Karlag

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Karlag (Karaganda Corrective Labor Camp, Russian: Карагандинский исправительно-трудовой лагерь, Карлаг) was one of the largest Gulag labor camps, located in Karaganda Oblast (now Karaganda Region, Kazakhstan), Kazakh SSR, USSR. It was established in 1931 during the period of settlement of remote areas of greater USSR and its' ethnic republics. Cheap labor was in high demand for these purposes. Hundreds of thousands of inmates were creating wealth for the nation for a mere bowl of soup a day. People were arrested and transported from the West of the Aral Mountains to the gigantic labor camp in Central Kazakhstan spanning from Akmola Region in the North to the Chu River in the South. Later, after WWII, another wave of "enemies of the people" poured in from newly added territories. These were immigrants and Soviet POW's captured by Hitler's army and later "liberated" by the Soviet Army. An enormous part of Karlag inmates were political prisoners - "enemies of the people" who were victims of the Article 58 RSFSR. [1] Over a 1,000,000 inmates served in total in Karlag over its history.[2]

One of the main reasons for creating Karlag camp was the establishment of a large agricultural base supported by free labor for rapidly growing industry in Central Kazakhstan - Karaganda Coal Basin in particular. The camp was founded on the territory of uninhabited empty steppe and grew fairly quickly within the first couple of years with the help of neighboring regions of the North and South. The total territory of Karlag was about 6,800 sq. miles out of which only 300 sq. miles was dedicated to agriculture while the rest was used for pastures. As Karlag territory expanded it absorbed some civilian settlements which included ethnic Russians, Ukrainians and Germans who moved to those parts between 1906-1907. As a result, in 1931 those civilian settlements were forced to relocate. This operation was enforced with the help of NKVD forces. The fate of the native Kazakh people was the most tragic. Collectivization of steppe, forced relocation, and confiscation pushed them to the city of Karaganda and its' neighboring regions. Karaganda was just starting to build the coal mines so many of these resettled people were used as cheap labor. Other Kazakhs who lived a nomadic lifestyle were often stripped of their livestock and forced to work at the mines in unacceptable conditions. Confiscated sheep, camels, cattle, and horses were transported to the newly formed "Eastern Meats" (Vostok Myaso) organization which was processing it in order to feed the labor force.

The empty lands of resettled people were soon filled with thousands of rows of inmates. Echelons of new prisoners came one after another from the central parts of Russian SSR. They quickly spread across steppe building railroads, housing for livestock, housing for camp employees, barracks, and isolation units.

Karlag Admin Building in Dolinka

Karlag wardens answered only to Gulag NKVD in Moscow. None of the members of Soviet, State or local government organs had any influence on operations facilitated by the wardens and supervisors of the camp. It resembled a colony with a heavy management apparatus. Its' departments included: administrative-agricultural, planning and control, culture-educational, human resources, trade, supply-chain, transport, finance, political, medical, and more. In Karlag with inmates' efforts were built meat-processing plant and leather/fur processing plant which produced leather products, furs and valenki.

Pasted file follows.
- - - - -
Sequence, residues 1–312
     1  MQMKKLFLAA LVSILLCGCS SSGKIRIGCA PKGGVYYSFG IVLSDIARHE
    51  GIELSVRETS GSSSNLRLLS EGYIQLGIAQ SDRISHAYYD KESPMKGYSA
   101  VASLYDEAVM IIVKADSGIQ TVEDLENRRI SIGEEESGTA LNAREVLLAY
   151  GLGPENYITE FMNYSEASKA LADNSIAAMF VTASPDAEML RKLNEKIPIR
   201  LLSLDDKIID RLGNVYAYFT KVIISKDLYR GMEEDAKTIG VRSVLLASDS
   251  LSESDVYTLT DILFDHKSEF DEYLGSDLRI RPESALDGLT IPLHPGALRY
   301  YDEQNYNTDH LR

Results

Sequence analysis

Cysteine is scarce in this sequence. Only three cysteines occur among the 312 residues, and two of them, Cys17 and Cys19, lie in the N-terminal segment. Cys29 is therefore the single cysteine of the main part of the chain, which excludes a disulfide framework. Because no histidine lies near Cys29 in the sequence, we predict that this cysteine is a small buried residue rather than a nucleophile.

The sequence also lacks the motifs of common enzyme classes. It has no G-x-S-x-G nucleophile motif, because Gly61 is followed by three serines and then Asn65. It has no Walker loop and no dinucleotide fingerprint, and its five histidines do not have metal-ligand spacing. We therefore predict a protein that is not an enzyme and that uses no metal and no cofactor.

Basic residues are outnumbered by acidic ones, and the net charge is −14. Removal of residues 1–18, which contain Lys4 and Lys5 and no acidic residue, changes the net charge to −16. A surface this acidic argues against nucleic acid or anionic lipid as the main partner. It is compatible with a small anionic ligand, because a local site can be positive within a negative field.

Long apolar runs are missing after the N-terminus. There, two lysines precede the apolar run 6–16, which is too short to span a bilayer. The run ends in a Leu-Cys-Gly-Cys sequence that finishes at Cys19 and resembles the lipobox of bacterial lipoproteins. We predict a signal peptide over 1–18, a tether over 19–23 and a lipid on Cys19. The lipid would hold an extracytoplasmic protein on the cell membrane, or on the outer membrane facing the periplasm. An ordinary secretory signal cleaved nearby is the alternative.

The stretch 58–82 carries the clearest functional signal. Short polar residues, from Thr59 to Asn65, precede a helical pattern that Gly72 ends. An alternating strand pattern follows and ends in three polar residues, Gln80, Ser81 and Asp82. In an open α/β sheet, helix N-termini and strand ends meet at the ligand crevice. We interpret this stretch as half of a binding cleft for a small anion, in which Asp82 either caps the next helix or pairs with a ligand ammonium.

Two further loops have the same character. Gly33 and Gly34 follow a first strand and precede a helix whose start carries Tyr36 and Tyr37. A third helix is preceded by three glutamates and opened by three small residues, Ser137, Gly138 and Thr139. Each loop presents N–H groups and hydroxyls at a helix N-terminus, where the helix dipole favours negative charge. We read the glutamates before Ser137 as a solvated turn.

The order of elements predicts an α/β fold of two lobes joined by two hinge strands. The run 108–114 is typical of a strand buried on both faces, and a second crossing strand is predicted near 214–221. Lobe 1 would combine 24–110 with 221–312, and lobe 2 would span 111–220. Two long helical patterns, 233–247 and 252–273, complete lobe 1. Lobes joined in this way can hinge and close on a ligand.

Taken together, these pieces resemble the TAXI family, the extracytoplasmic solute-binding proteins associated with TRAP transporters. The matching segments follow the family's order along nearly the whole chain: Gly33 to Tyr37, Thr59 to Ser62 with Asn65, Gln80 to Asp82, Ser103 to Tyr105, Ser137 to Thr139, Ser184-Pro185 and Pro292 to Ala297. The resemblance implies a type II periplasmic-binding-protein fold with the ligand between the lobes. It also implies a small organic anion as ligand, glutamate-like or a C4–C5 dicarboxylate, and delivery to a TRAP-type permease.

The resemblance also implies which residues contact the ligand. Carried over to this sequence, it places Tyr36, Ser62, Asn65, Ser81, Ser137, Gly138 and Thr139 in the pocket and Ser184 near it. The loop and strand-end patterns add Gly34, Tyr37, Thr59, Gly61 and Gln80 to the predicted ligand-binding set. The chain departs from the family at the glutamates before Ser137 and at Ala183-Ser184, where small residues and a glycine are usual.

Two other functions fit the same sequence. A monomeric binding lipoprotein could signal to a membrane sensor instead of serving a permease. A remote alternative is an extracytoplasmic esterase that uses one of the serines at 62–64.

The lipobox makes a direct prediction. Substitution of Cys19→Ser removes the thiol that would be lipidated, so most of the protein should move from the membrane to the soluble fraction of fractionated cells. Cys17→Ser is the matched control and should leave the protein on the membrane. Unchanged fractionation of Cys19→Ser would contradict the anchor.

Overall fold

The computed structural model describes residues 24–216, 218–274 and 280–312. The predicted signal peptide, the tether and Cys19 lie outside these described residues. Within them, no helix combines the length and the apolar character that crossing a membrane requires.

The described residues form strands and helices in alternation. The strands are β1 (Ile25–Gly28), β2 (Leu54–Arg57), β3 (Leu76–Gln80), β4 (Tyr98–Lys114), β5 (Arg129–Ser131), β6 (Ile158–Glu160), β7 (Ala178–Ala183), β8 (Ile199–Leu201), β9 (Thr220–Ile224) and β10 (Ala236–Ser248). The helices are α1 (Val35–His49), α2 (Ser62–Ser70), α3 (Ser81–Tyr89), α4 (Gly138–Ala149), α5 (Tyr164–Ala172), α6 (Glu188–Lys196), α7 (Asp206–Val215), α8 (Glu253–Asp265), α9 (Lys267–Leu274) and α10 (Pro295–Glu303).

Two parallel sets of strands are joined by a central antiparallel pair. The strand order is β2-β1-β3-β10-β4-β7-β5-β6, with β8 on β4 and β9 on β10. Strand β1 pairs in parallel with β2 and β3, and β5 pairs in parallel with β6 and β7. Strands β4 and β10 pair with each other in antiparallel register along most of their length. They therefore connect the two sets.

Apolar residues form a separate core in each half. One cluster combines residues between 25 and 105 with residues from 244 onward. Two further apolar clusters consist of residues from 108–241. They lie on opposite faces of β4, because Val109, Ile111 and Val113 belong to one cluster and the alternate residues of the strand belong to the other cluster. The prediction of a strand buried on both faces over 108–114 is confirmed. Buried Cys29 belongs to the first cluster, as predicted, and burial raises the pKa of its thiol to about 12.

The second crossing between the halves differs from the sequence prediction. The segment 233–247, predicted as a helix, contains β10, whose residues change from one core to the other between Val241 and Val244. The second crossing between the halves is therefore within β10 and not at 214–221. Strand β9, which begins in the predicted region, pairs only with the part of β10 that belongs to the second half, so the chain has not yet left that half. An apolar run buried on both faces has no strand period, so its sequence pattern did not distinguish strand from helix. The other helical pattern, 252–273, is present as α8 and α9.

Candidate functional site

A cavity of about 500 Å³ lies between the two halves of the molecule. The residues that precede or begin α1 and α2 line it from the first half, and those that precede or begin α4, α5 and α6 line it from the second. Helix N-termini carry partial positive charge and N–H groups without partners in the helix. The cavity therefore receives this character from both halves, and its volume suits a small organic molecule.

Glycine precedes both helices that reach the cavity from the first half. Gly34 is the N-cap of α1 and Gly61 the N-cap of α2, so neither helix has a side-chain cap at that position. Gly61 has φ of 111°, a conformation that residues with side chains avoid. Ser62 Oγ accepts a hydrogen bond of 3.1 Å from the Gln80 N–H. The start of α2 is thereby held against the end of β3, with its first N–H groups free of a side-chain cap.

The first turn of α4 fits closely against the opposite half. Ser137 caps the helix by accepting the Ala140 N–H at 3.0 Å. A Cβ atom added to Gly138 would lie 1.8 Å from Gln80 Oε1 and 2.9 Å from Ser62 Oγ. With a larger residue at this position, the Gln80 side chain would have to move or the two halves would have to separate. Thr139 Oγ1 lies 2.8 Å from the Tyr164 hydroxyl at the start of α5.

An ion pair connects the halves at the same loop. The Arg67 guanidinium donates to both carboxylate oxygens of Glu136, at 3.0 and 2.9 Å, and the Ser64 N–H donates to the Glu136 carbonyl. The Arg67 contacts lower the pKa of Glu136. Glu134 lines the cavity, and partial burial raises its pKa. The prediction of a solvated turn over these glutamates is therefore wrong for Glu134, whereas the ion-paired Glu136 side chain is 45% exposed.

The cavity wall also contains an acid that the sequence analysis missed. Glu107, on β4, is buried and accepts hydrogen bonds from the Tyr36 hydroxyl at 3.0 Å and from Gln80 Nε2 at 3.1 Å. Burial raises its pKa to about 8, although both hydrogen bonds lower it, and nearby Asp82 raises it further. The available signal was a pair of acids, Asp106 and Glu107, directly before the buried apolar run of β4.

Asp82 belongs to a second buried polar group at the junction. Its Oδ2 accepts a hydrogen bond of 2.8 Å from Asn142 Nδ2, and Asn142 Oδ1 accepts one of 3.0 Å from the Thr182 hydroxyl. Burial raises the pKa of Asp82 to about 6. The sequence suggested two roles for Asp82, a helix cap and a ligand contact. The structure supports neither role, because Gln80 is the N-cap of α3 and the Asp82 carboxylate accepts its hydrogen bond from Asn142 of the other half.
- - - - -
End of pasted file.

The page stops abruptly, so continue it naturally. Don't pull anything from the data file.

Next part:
Notable inmates[edit]

Children in Karlag[edit]

The children of the "enemies of the people" served time in Karlag. Many of them did not survive because of the harsh conditions of detention. Undressed and barefoot children slept on bare reed mats. For pregnant women, there was no postponement of the sentence. On January 1, 1938, among the arriving 2103 wives in the Karlag were 655 pregnant and nursing mothers. In 1941, 108 pregnant women arrived. In the breast group it was forbidden to take children in their arms. It was allowed only to change wet diapers. In 1939 there were 451 youngsters in the camp, 114 children died in one year. In 1940-1941 1048 children were born in Karlag, and in 1950-1952 - 1713 children. 576 children are accommodated in 5 Infant Houses in Karlag. On the territory of Karlag, there existed: a children's centre, an Osakarov orphanage, a Dolinsky orphanage, a baby house of the sanitary and medical division, 18 kindergartens and nurseries. Upon reaching the age of four, the children were sent to the Osakarovsky orphanage. Separation with children drove women to despair, some went crazy. Pregnant women were examined by doctors and sent to the branches of the maternity wards. During the period of breastfeeding, the imprisoned mothers worked in vegetable gardens located nearby, and in the winter in the sewing workshop where they lived. Women were forced to work 10 or more hours in order to be eligible for infant feeding. Often, exhausted and half-emaciated women lost breast milk, as a result of which babies died. According to archival data, there is a high mortality rate of children in infants' homes, orphanages of Karlag. So, for 1941 - 1944, 924 children died, and for 1950-1952 - 1130. On August 22, 1950, the Decree of the USSR Government "On the exemption from punishment of convicted women during pregnancy and women with young children" was issued. After this decree, 785 pregnant women, 706 women with young children outside the camp, were released. In total, 2886 women were released.

References[edit]

  1. ^ "Karlag", a website to preserve information about Karlag and its inmates
  2. ^ "Names", a page of the Karlag website